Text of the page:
TrentU Sarah Langer works with OPP & RCMP Officers to Study Blow Flies and how they help predict “Time of Death” in Crime Scenes

Sarah Langer, originally from Cavendish Township, Ontario, completed a Master of Science in the Environmental and Life Sciences Program and a Bachelor of Science in Forensic Science at Trent University.

Her research worked to enhance forensic entomology through morphological and ecological research with blow flies collected from across Canada.

In front of entomology collection boxes

Sarah worked with the Ontario Provincial Police (OPP) and the Royal Canadian Mountain Police (RCMP) to answer the main question: whether blow fly species vary between urban and rural habitats.

Blow fly species in Canada are particularly interesting because they help OPP and RCMP officers predict “time of death” in some crime investigations. 

As Sarah worked with the collected specimens, she found an additional morphological feature to aid in differentiating two similar blow fly species.

Blowfly

A large component of her research was collaborating with OPP and RCMP officers across the country to obtain samples!

From these samples, the thousands of collected blow flies were removed and the species were identified.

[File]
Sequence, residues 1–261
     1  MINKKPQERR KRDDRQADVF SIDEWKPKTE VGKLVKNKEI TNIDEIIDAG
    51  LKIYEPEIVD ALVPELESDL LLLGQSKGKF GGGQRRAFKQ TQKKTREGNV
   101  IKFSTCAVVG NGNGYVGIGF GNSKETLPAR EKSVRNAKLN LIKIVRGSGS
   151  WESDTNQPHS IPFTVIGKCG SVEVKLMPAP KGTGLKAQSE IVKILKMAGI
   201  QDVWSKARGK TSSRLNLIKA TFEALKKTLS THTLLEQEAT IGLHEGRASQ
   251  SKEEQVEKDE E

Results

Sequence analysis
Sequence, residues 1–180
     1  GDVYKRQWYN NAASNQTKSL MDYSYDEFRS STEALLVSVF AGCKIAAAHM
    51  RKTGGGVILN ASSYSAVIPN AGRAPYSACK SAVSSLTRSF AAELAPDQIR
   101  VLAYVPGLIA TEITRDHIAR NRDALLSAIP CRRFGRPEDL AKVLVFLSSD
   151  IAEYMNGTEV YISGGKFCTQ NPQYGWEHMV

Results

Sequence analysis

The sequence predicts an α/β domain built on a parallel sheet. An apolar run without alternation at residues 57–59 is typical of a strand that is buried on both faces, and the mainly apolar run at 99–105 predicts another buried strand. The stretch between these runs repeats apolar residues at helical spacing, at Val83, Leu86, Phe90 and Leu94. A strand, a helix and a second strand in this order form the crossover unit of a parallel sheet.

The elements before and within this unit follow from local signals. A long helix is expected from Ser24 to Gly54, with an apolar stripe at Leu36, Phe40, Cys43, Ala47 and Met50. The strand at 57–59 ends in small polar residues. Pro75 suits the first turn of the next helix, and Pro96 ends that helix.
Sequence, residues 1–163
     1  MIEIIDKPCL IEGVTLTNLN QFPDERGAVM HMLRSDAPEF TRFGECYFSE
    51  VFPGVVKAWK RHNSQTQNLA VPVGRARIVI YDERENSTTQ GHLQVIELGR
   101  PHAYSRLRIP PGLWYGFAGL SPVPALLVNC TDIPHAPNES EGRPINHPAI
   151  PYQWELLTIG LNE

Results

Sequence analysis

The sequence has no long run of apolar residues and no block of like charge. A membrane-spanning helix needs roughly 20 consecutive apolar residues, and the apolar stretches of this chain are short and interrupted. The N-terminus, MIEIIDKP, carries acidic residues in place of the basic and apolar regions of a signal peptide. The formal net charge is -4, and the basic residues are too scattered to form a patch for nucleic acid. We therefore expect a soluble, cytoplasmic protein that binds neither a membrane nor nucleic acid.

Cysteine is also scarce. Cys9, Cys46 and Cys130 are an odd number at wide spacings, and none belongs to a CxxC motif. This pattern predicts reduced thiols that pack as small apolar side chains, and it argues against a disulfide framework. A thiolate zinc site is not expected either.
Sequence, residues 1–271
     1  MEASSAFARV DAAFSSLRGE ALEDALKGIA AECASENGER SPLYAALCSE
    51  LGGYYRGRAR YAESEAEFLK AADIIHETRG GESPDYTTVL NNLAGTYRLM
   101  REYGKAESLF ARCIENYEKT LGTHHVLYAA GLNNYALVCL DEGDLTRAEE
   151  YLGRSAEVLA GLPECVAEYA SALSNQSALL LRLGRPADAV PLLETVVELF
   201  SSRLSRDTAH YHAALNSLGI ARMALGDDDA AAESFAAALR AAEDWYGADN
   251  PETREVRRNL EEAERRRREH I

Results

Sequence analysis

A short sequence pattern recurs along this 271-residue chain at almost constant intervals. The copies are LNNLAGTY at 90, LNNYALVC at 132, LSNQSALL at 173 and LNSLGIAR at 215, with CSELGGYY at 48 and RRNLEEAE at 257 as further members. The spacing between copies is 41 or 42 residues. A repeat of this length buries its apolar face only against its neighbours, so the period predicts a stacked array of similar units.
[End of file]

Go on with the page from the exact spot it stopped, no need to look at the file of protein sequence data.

ArcGIS, an online mapping tool, was used to map landcover types and compare species diversity between collection sites.

Box of pinned blow flies

From this work, Sarah was able to generate a list of blowfly species found across Canada and at each collection site.

Her research found that blow flies in urban areas were more similar to those in other urban areas across Canada than they were to their surrounding rural areas.

Netting blow flies at the Trent Bioblitz

Sarah’s research shows that urban centers have a direct impact on the species distribution of blow flies which can be used to predict which species are available for colonization and what we would expect to obtain from the crime scene.

It also suggests that urban areas have less species overall.

The direct collaboration with the OPP and RCMP identification officers was important, as the collaboration between science and those who use it is an asset in forensics.

Sarah says,

“The Environmental and Life Sciences program is very supportive with program coordination staff Linda Cardwell and Mary-Lynn Scriver truly caring about student success. As my project had a forensic focus, staff in the forensic program with real world experience in the field were also integral to my project’s success, such as retired Staff Sargent and current professor Mike Illes who facilitated our collaboration with officers across the country. Through my MSc I was also encouraged to participate in hands-on experiences that broadened my resume and skills, including an opportunity to assist OPP training with one of my supervisors, Dave Beresford. Trent’s mix of faculty available to the ENLS program creates unique opportunities to explore research you’re most passionate about. I’m truly lucky to have studied forensic entomology through this program.”

Thank you so much for sharing your research with us, Sarah! Keep up the good work.

trentu

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